Lee at asgard.org
Mon Mar 24 18:23:03 UTC 2014
On 3/24/14 1:37 PM, "William Herrin" <bill at herrin.us> wrote:
>On Mon, Mar 24, 2014 at 9:25 AM, Joe Greco <jgreco at ns.sol.net> wrote:
>>> I say this with the utmost respect, but you must understand the
>>> principle of defense in depth in order to make competent security
>>> decisions for your organization. Smart people disagree on the details
>>> but the principle is not only iron clad, it applies to all forms of
>>> security, not just IP network security.
>> The problem here is that what's actually going on is that you're now
>> enshrining as a "security" device a hacky, ill-conceived workaround
>> for a lack of flexibility/space/etc in IPv4. NAT was not designed
>> to act as a security feature.
>That would be one of those "details" on which smart people disagree.
>In this case, I think you're wrong. Modern NAT superseded the
>transparent proxies and bastion hosts of the '90s because it does the
>same security job a little more smoothly. And proxies WERE designed to
>act as a security feature.
What kinds of devices are we talking about here? Are we talking about the
default NAT on a home network router, or an enterprise-level NAT operating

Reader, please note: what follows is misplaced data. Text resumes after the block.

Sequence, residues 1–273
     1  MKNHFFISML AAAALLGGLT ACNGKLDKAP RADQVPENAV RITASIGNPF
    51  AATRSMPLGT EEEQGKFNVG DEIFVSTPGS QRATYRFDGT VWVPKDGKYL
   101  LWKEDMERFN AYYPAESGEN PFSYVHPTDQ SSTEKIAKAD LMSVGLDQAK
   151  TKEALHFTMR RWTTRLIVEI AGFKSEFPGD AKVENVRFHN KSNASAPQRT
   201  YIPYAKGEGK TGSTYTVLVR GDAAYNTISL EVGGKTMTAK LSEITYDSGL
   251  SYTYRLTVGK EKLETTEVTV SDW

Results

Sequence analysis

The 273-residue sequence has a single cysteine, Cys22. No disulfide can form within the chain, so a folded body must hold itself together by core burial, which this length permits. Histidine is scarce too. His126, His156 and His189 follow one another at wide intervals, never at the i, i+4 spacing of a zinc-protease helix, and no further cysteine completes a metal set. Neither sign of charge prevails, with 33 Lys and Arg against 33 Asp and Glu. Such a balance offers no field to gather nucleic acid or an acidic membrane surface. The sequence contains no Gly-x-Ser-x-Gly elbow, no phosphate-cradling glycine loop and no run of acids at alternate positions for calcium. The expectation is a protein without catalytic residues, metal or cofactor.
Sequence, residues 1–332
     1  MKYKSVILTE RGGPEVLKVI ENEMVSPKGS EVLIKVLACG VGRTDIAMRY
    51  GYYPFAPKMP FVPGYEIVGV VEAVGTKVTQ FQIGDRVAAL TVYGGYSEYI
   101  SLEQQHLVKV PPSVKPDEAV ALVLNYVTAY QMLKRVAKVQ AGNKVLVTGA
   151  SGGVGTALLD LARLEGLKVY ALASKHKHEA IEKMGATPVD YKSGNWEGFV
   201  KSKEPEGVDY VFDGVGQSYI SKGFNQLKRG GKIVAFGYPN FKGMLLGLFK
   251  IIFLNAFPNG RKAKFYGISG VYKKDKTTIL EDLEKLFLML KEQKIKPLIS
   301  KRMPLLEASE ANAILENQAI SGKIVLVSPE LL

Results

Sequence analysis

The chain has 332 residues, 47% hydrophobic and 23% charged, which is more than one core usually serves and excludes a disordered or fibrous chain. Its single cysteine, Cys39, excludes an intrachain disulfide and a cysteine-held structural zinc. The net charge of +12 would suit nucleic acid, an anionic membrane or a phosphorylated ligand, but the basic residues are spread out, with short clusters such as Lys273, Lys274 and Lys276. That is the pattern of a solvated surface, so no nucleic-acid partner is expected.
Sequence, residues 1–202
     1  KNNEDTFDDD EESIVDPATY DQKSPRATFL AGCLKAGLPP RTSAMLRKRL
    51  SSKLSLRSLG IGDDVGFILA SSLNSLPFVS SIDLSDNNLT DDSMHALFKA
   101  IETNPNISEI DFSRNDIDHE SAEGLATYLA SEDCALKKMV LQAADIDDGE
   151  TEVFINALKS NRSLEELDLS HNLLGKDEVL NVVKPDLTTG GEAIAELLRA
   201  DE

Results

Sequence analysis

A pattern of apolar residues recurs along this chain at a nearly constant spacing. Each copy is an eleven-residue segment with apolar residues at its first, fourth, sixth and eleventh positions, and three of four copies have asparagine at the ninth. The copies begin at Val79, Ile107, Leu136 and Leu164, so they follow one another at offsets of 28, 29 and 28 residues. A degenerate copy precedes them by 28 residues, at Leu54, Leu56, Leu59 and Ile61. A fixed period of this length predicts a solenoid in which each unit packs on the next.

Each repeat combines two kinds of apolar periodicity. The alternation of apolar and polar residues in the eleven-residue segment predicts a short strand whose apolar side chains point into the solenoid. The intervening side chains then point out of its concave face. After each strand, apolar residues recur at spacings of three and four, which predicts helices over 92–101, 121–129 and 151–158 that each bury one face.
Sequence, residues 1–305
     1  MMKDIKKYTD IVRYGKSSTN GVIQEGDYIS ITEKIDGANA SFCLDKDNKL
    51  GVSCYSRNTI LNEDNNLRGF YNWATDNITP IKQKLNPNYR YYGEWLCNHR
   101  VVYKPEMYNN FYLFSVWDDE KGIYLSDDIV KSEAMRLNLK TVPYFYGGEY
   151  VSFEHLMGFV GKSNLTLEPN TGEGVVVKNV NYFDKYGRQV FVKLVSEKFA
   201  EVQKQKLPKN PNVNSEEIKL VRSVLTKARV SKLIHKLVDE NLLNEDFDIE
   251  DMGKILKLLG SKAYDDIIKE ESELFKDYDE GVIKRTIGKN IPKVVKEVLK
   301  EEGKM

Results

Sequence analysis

on a firewall?
The NAT on home gateways may be a full-cone NAT. This allows easier setup
of online gaming, for instance, or other applications where an inbound SYN
is required. This provides no security, since as soon as a connection is
established, all traffic is allowed. Even restricted cone NATs provide
little protection, just a bit of guessing that even a human could manage.
If we're talking about an enterprise firewall, then I don't
understand--we're talking about a firewall. If it implements a symmetric
NAT in addition to a stateful firewall, then it's implementing the same
function twice. But, hey, it's your network, if
security-through-obscurity is one of your defense in depth layers, that's
fine. You may use NPT66 with ULA; that function is defined.
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